On 30 November 2015 Franck Cammas almost lost his right foot when he went overboard and was struck by the horizontal stabilizer on the rudder of his foiling catamaran. The accident ended his hopes of qualifying for the Olympics in Rio. He will be on crutches until late January 2016, when he will begin four to six weeks of rehab. He was in the office working at a stand-up desk with his design less than 10 days after the accident, but it seems clear that he will miss the first America’s Cup World Series event of 2016, in Oman in February.
The Accident and Rescue
The accident occurred during pre-start maneuvers between the two GC32 cats the team uses to prepare for the America’s Cup. Trying to get a better position on the start line against his teammate and sparring partner Adam Minoprio, Cammas made two sharp turns in quick succession and lost his balance. He went overboard near the stern on the port side and suffered a compound fracture of both the tibia and fibula from the impact with the T-shaped rudder. Coach Betrand Pacé gingerly pulled Cammas into the team chase boat, Cammas’s foot attached only by tendons and arteries. Luckily the arteries were not cut, so he suffered relatively little blood loss. Pacé called for emergency medical services and a helicopter to transport Cammas to the university hospital in Nantes. During the 45 minute flight, Cammas continuously tested the feeling in his foot, reassuring himself that there was no serious nerve damage. At the hospital, waking from general anesthesia after two and a half hours of operation, he was relieved to see that he still had his foot. Professor Gouin, the surgeon, had needed plates and screws to reconnect the bones, as the foot had almost been torn off by the impact.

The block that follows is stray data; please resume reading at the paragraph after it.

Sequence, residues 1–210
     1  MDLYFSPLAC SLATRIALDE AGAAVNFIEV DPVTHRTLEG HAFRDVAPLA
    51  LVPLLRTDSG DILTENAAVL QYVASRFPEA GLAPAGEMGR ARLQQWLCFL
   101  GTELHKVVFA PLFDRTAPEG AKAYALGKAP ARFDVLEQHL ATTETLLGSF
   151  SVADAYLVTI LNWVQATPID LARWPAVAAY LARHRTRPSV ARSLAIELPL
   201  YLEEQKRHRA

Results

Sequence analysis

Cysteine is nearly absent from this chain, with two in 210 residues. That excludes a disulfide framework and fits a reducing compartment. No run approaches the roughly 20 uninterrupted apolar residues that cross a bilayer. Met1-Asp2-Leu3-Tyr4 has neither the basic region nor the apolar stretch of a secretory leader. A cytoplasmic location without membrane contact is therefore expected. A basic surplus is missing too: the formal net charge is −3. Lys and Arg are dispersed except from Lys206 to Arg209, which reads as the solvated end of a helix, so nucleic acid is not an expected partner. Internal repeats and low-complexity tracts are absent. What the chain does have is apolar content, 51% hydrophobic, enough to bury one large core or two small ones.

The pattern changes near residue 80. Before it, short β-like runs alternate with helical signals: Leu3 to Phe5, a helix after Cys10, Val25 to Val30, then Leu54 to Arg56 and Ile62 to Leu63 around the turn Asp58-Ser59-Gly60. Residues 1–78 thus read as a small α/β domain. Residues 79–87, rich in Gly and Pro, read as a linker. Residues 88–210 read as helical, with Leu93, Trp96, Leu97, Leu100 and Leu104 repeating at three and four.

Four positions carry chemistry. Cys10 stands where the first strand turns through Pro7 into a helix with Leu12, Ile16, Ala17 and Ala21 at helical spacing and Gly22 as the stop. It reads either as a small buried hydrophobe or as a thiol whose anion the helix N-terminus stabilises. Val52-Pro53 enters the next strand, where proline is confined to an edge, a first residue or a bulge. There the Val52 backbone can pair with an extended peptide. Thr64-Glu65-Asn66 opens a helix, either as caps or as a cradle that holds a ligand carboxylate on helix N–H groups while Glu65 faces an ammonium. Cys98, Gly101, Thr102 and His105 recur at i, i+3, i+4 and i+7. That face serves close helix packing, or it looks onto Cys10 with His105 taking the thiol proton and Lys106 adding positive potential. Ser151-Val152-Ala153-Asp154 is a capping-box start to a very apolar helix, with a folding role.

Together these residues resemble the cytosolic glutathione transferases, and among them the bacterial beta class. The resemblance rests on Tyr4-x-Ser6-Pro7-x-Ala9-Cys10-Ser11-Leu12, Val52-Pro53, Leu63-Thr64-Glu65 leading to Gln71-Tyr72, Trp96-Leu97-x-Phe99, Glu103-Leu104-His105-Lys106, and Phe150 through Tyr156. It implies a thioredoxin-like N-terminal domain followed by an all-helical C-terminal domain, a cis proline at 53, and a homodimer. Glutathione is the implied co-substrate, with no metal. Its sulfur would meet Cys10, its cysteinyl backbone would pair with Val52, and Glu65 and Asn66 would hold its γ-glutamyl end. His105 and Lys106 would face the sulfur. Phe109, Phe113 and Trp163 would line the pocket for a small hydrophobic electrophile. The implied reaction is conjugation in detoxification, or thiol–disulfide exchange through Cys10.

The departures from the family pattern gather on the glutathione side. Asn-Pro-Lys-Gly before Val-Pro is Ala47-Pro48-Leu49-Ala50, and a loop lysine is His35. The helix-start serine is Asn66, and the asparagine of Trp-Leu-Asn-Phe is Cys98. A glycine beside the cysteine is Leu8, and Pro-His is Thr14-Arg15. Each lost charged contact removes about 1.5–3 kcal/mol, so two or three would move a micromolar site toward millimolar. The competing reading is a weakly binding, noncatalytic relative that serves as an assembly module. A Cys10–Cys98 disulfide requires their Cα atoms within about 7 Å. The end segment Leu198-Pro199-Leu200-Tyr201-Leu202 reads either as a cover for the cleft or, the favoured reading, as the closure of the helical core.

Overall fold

Safety at Speed
Training videos and this accident raise the question of safety precautions for sailing at high speed. There were no serious injuries when Oracle capsized their AC72 in October 2012, the cockpits protecting the crew. With no cockpits in their AC72, Emirates Team New Zealand lost two crew overboard during the Louis Vuitton Cup racing when they stuffed the bows while bearing away at the windward gate. The design rule for the America’s Cup Class catamarans requires cockpits for the crew as part of the safety measures. The AC45 cats being raced in the America’s Cup World Series are dramatically faster since being modified for foiling. The 32 foot long GC32’s have been clocked at over 39 knots. Sitting on top of the hulls of a foiling cat doing 30 knots or more seems like a very risky idea. Let’s hope there are no more serious accidents. Here is a video that shows the danger. It was shot during training on board BAR’s AC45F.